Neysa Ellgren
  • Friday March 31, 2017

    Now there are varieties of gifts, but the same Spirit; and there are varieties of services, but the same Lord; and there are varieties of activities, but it is the same God who activates all of them in everyone. To each is given the manifestation of the Spirit for the common good.  -1 Corinthians 12:4-7    As Jesus puts together his team, he allows space for the varied gifts of the disciples. Even betrayal can be seen as a gift in the larger context of God's plan.    My work on the Episcopal Asset Map has been such a blessing. Spending the day listening to people talk about all of their giftedness has transformed me. I know that our Church is not dying - it is being transformed. The Church is going through its own Lenten season: We are letting go of things that keep us from connecting with our communities, releasing physical and spiritual barriers, building new and transforming relationships and stretching our edges as we live deeply into the lifegiving Gospel of inclusion.    Stripping away the things that separate me from God and my community prepares me for death and resurrection. My times of loss didn't feel good, but with the support of my community, I have come out on the other side. These scars have been transformed into gifts for the common good.    What scars have been transformed into gifts in your community?    -Tamara Plummer
    Tamara Plummer
  • Thursday March 30, 2017

    Therefore, since we are surrounded by so great a cloud of witnesses, let us also lay aside every weight and the sin that clings so closely, and let us run with perseverance the race that is set before us. -Hebrews 12:1   When I was a kid, I loved collecting rocks. While visiting a relative, I learned of a marvelous invention - a rock polisher. It was a machine with a motor that would continuously turn a coffee-can-sized cylinder. You put your rocks in the cylinder, turned it on and left it tumbling. In time those rocks bumped up against one another and broke off the sharp edges and ground down the rough spots. The rocks came out of that coffee can looking like jewels to my childhood eyes. The rocks weren't transformed into gemstones but they sure were shiny and beautiful in their own right.   So I think of church as God's tumbling coffee can for our souls. We come together and as we interact we bump into one another, sharing our conflicting ideas and diverse perspectives. In the process, our souls are polished. And not just in church. The people in our lives teach us how to be the unique person God is calling us to be. Other people are the voice of God to us.   God uses each of us to shape and teach others. So it's a good thing we're not all the same. There's a beautiful soul in each of us, and as we worship in churches full of lots of different Christian people, God makes us each more the person we are called to be, not by changing us into something we're not, but by helping each of us shine.   -Michael Buerkel Hunn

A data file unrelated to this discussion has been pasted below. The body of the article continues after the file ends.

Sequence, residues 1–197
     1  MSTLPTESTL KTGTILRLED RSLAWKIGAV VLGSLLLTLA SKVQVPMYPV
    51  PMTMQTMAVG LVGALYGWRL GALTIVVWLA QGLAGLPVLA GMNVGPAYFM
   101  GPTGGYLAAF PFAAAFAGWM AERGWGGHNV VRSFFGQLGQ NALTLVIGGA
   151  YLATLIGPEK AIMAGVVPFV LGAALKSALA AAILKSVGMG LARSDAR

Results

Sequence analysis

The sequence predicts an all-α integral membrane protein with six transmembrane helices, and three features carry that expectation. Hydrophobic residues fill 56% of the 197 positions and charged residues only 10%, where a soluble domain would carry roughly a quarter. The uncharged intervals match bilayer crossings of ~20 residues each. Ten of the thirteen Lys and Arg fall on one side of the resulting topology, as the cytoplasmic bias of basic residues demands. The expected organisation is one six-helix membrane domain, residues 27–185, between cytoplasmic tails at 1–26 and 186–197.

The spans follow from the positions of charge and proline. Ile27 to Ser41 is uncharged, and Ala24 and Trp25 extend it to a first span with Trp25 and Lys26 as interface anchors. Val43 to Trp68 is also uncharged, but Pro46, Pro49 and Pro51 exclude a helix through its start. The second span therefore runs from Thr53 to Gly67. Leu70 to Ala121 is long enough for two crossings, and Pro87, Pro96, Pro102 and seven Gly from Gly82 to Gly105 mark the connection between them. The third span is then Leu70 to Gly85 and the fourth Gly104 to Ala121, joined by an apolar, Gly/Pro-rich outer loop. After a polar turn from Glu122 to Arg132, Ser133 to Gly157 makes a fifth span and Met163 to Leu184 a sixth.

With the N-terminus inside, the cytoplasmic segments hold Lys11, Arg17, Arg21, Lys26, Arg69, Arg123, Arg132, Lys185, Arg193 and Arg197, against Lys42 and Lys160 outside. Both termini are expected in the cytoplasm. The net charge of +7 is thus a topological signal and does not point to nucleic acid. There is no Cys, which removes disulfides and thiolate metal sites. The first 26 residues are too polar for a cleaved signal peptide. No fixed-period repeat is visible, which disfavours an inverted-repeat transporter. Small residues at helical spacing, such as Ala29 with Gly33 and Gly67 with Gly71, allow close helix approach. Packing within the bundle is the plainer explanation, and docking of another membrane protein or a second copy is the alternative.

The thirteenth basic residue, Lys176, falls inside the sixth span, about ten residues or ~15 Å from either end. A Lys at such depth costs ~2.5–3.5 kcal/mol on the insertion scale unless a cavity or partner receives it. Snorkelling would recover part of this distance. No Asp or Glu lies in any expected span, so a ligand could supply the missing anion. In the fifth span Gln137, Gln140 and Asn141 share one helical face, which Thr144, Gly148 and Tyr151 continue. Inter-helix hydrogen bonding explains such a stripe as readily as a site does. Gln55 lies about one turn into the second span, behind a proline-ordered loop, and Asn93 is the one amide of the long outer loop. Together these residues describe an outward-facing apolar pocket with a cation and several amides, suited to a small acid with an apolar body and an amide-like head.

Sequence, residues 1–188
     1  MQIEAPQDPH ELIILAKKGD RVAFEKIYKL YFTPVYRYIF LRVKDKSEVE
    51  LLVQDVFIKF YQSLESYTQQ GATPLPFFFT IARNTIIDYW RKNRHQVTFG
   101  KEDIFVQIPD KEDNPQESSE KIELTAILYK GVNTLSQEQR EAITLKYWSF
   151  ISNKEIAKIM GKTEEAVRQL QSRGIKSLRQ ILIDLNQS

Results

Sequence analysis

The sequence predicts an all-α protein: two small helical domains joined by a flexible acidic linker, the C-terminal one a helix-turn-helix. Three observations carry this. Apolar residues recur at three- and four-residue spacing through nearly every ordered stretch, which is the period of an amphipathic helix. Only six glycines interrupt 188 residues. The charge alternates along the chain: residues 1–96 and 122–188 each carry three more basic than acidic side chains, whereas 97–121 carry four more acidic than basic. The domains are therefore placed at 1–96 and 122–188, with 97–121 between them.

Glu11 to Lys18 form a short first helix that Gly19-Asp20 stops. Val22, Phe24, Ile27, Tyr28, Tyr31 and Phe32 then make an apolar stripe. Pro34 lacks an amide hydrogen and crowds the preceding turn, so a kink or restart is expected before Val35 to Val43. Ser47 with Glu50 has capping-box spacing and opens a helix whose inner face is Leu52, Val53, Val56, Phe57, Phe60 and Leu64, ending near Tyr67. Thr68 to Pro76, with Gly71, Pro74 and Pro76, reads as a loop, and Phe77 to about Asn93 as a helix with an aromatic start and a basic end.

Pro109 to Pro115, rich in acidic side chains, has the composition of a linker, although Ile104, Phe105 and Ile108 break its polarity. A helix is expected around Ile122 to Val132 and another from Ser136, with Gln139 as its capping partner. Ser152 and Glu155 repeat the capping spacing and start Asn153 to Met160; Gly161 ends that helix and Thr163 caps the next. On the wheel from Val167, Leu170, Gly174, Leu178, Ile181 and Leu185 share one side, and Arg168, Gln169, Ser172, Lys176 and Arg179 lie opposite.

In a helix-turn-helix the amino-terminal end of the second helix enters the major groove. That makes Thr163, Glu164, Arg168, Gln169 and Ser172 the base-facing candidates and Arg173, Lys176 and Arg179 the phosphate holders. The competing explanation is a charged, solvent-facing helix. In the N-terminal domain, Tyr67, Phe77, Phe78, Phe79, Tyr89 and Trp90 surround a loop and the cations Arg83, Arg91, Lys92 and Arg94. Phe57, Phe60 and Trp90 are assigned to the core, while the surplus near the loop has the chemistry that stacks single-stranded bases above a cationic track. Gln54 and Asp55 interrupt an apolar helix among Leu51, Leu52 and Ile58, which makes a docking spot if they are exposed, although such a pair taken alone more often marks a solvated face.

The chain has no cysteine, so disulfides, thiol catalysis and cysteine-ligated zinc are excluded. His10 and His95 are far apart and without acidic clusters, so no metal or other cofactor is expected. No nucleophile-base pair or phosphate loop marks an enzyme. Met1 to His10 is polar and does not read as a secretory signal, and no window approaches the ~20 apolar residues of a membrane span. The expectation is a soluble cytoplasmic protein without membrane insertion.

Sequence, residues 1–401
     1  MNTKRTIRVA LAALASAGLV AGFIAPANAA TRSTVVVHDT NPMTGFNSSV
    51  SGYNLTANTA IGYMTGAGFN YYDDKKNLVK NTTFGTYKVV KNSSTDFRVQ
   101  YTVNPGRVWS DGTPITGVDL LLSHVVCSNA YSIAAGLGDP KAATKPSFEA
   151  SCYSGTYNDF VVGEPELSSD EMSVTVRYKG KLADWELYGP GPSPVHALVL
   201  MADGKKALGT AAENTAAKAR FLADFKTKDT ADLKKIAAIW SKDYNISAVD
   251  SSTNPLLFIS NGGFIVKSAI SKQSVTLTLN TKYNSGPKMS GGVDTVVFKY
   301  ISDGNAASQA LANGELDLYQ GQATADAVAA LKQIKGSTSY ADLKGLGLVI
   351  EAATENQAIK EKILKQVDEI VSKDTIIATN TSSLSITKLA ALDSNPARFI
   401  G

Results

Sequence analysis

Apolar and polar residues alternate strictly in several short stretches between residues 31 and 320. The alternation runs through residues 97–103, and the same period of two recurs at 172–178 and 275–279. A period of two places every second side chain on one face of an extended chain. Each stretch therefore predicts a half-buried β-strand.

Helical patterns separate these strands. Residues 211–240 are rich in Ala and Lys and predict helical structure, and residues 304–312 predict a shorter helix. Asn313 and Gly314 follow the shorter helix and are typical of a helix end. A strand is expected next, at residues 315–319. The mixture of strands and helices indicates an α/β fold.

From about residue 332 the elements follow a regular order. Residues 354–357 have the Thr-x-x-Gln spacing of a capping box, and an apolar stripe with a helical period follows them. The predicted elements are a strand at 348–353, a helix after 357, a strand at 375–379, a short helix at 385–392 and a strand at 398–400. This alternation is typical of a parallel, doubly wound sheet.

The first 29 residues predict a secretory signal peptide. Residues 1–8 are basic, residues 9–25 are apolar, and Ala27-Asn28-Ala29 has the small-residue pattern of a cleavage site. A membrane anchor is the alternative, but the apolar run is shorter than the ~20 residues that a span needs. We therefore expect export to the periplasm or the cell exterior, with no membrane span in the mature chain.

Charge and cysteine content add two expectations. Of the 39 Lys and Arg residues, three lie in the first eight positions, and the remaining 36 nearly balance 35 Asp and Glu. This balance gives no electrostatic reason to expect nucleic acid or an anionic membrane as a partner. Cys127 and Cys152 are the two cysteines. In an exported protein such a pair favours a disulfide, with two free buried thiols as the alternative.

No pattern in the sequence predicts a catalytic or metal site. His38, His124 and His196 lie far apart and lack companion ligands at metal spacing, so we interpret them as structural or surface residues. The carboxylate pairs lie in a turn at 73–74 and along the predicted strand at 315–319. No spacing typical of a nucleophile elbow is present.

Michael Buerkel Hunn
  • Wednesday March 29, 2017

    The thief comes only to steal and kill and destroy. I came that they may have life, and have it abundantly. -John 10:10   Droughts and floods caused by climate change are wreaking havoc in the lives and livelihoods of farmers in India. In 2014, the National Crime Records Bureau of India reported 5,650 farmer suicides. In the past year, in the western state of Maharashtra, farmers were committing suicide at a rate of eight people per day.   Jesus came into this world to give life - in all its fullness. Jesus revealed himself as the bread of life. Farmers are lifegivers too, producing the food we eat. But farmers in India are unable to sustain farming at current costs. Lent foretells the coming of spring, which signifies new life. As spring begins, the Church should turn its heart toward the plight of farmers. As economic and environmental tensions push farmers to the verge of death, the Church is called to stand with them. Standing like Jesus in favor of the people who share bread for the sustenance of life, the Church can be a source of life and light for the farmers.   Episcopal Relief & Development and the Church's Auxiliary for Social Action are working together to empower farmers, both men and women, to reduce suicides by providing agricultural education in the Yavatmal District of Maharashtra. As we meditate on Jesus the life giver, let us take action to stop loss of life around the globe in any form as Jesus did.   -Joycia Thorat
    Joycia Thorat